DF: I couldn’t, I don’t know. I mean, I don’t know. I mean,the notion that needs to be done, which both sides are saying, right, and I’mnot one… I mean, I come down on the side of the…

HH: Why didn’t President Obama do this in his first term?Answer – he’s the most cynical Chicago pol ever. He wanted this to be ableeding wound that he could and did exploit politically throughout the 2012reelection season.

DF: But it didn’t…well, it covered that it didn’t passbecause of GOP opposition in the Senate, right?

HH: No, he just didn’t bring it up. He didn’t even try, eventhough he promised. He got scored at the Univision summit, remember?

DF: Yeah.

HH: The guy stood up and said where’s your bill? And all hecould say was abba-dabba-dabba-dabba.

DF: Right.

HH: And what he ought to have said is oh, I’m not going to giveyou a bill. You people have to be mad at the Republicans, or I’m not going toget reelected.

DF: But so in a way, if he were politically smart, right,what he would do is they wouldn’t pass this.

HH: He’s not intending to. They asked him. The Latino caucusasked him not to introduce his own bill. He went forward, because for politicalreasons, his objective is to destroy the Republican majority in the House ofRepresentatives in time for him to repair a failing Obamacare. That’s thewhole, that’s the narrative of the next two years.

DF: Yeah, right. No, I mean, you don’t fault him for that,though, do you?

HH: I don’t think presidents should govern with the idea ofdestroying the opposition so they can repair a failing bill. They ought to getrid of the failing bill.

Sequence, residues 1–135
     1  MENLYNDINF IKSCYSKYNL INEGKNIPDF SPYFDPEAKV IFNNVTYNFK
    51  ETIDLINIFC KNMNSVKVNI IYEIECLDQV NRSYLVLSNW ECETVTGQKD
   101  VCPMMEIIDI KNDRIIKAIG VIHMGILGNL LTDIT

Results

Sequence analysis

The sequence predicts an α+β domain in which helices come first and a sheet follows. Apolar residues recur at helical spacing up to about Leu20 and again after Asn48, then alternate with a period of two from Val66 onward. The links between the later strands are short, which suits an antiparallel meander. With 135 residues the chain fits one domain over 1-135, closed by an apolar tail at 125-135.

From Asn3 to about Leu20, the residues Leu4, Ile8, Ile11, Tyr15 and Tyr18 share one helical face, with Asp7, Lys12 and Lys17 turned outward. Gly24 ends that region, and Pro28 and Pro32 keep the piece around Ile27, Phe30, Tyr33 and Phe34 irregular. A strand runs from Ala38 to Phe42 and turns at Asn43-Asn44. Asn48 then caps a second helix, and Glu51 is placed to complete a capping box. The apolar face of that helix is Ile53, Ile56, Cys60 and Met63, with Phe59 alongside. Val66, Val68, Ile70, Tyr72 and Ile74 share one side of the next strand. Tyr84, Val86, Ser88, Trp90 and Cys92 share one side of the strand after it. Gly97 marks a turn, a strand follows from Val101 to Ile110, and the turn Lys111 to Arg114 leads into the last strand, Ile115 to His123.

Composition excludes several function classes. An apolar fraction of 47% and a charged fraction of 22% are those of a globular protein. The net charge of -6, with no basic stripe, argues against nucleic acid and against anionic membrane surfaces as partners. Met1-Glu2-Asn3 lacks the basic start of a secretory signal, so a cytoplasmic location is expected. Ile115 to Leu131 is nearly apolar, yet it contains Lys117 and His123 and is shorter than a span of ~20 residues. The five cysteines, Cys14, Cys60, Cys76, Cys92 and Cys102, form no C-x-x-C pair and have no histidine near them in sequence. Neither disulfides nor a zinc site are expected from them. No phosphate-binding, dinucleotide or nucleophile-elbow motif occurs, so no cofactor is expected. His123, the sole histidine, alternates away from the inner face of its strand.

DF: Right.

HH: Have you written yet on how many states won’t touch theexchanges?

DF: You know, this is a topic that interests me, and I’msort of thinking about doing something that’s related to that, but I haven’t nailedthat down yet.

HH: Is anyone at the Daily Beast or Newsweek aware of what aphenomenal failure Obamacare is, how health care prices are skyrocketing,insurance coverage costs is skyrocketing, the states are running away, doctorsare exiting, medical devices are becoming fewer in their development? Doesanyone know this?

DF: I mean, we have to wait a bit, right, before rendering averdict on it?

HH: No.

DF: Don’t you think?

HH: No, no, no, no. 30 states have said not in my lifetime I’mnot touching this. You can’t get me to go into that swamp. This is a big, stinkyfailure, David. I mean, it’s a disaster. You folks inside the Beltway, you haveto get out more. Did your insurance change his year?

DF: No, and I’m not in the Beltway. I have to be clear. But…

HH: Oh, are you in New York?

DF: Yeah.

HH: Okay, well that counts. The Beltway is just the Borg.

DF: Right. I’m not physically in the Beltway.

HH: Yeah, you belong to the Borg. You are part of theopinion media elite, right?

DF: Well, that depends. Is that an honor? Or is that…

HH: It’s just anyone who writes for Newsweek, the DailyBeast, and all the rest of you.

DF: Then I suppose I must be. Let me check my wallet.

HH: So what’s your prediction? Is there going to be immigrationreform in 2013?

DF: Looks that way. It does look that way. Yeah, I’m goingto go with a yes. I mean, I think if you have, if the opposition is sort oftorn asunder, and they’re not entirely engaged in this, and it’s just a portionof the folks who were involved in 2007, I think it probably passes.

HH: The correct answer is we won’t know until we see anactual bill from the House, and an actual bill from the Senate. It could eitherway. David Freedlander, always a pleasure, senior political correspondent formNewsweek and the Daily Beast.

End of interview.